Years ago, I had an interesting conversation with an acquaintance last week about purpose, contentment and living fully.
We asked each other, “What do you love most about your life?”
For both of us, our answers were evident in our actions – where, with whom, and how we spend our time.
What about you?
If you can answer with one or more truths, you’re blessed. No one’s journey is perfect; yet, in both mountaintop and valley seasons, there’s something to be grateful for. So our answers should match our energy and be evident in how we’re flowing.
The joy comes in finding the grace to accept yourself, and others, as-is while nudging yourself to do and be your best.
I say… go for it! “Let your true self reign – you might not be everyone’s cup of tea, but you will be many people’s glass of champagne.” ~ Aine Belton
When I was child back in the day, you could drive up to a gas station and someone would pump your gas for you.
You would just pull up to the pump and an attendant would come out to your car. All you had to do was roll down your window (and I do mean roll) and say, “fill’er up.”
By the time I learned how to drive, the new thing was “self service,” which meant you had to get out and pump your own gas.
I don’t like to pump gas. I’ve tried to convince my husband that this should be his job, but to no avail. I have even figured out how long I can drive around on fumes once the “almost empty” fuel sensor light comes on.
Unfortunately, I learned the hard way that driving until your tank is empty can mess up your car. It leaves room for “junk” to build up in your tank, and it can cause your fuel pump to overheat and wear out more quickly.
I think you know where I’m going with this…
Sometime last year, just before our world became engulfed in a global health pandemic, I read a book titled Leading On Empty: Refilling Your Tank and Renewing Your Passion. It was penned by Wayne Cordeiro to help pastoral leaders who are suffering from burnout, but you could easily re-title this book Parenting On Empty or Working On Empty or Praying On Empty or Loving On Empty.
I think if we called it Living on Empty it would speak to all of our situations. For those of us who spend a significant portion of our time serving others (whether it’s your profession, vocation or just who you be), living on empty could be an adequate description of what we feel like on the regular.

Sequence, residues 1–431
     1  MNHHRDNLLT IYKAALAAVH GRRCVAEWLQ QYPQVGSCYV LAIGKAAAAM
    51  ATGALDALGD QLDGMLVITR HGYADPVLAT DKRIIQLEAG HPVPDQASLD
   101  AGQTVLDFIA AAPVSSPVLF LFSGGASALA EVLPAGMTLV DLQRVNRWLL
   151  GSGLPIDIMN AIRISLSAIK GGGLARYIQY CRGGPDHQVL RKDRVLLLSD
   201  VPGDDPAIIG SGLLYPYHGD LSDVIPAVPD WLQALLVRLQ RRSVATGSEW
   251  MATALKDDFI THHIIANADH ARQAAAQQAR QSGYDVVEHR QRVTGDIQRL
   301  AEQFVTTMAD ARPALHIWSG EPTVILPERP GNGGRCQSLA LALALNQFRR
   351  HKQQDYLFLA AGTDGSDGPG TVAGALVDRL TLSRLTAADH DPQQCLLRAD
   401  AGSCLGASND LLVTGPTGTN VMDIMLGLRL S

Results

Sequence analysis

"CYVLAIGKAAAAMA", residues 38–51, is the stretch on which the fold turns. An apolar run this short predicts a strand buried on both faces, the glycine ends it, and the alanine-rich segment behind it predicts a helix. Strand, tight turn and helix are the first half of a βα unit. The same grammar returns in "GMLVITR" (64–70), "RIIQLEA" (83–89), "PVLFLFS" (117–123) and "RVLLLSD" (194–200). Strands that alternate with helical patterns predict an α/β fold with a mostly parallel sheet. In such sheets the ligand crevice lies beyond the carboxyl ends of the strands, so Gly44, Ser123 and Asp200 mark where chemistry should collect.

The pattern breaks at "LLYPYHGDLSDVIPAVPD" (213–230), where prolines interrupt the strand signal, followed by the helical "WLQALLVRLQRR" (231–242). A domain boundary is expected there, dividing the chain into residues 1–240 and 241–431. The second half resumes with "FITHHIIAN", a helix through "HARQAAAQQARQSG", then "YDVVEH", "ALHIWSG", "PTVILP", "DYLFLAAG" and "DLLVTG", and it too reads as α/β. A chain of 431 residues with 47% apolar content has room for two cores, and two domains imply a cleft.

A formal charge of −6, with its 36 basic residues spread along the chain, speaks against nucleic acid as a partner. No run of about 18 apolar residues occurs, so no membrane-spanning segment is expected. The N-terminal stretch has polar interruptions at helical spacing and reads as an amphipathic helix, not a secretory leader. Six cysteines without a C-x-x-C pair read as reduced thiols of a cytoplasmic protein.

Many a day we operate solely on fumes, just trying to get through the day, through bedtime or through the next crisis.
It’s so easy to put our own needs on the back burner. We have good intentions to go back and take care of them later. But somehow later never happens.
Living on empty happens when we are blessed with children who need our care. (They are demanding little creatures just by their very nature and before you know it, they have consumed our entire lives.) Or perhaps it happens when we are serving as a caregiver for a loved one who is ill. We want to be there and our efforts become all-focused on their wellbeing.
We don’t have the energy or the will to do something for ourselves.
Living on empty happens when our vocation is to serve people in our community, and as our nation has endured an economic crisis that has led to job loss and personal devastation, the amount of people needing to be served has increased significantly.
There is not enough time in our day to do all that needs to be done. The needs of others leaks into our private time and we don’t know how to shut them off or hold them back.
Maybe we’re afraid if we turn our engine off, fearing that it won’t start back up. However, if we never turn it off for maintenance, it eventually will die out anyway.
We know these things. We understand that this is what self care is – turning off our engine (resting) and then making sure we pour back in to ourselves, to replenish the well from which we have been giving.
The thing we are not quite sure about most of the time is how did we get here in the first place? Why do we allow ourselves to run until we burnout?
These are questions we have to be willing to ask and seek to honestly the answer. Discovering your answers, and leaning into them, will change your life – and fill your tank – for the better.
As a wife, mother and grandmother, Valerie Henderson enjoys spending endless amounts of time with her family. As a minister, she loves assisting others as they journey through their faith walk. As a creative soul, she finds her greatest solace when she can retreat, craft and write.
Change can be scary, and at times even stressful; however…
If we never changed shoe sizes, we’d never be able to comfortably walk forward, toward our next exciting phase;
If we never took a leap of faith, we’d never surprise ourselves with our own strength, smarts and courage;
If we never took time to try new things and collaborate with people younger than us or from different walks of life, perhaps we’d be like Blockbuster, Toys R Us and the like – favorite pieces of nostalgia no longer relevant in this fast-paced modern world.
If we never grew older, we’d miss out on a whole lotta life!
So yes, with time and seasons come change.
But what if we view these shifts as opportunities to grow, to experience new kinds of joy, to better understand ourselves and others, and experience more of life’s “glass” as half full?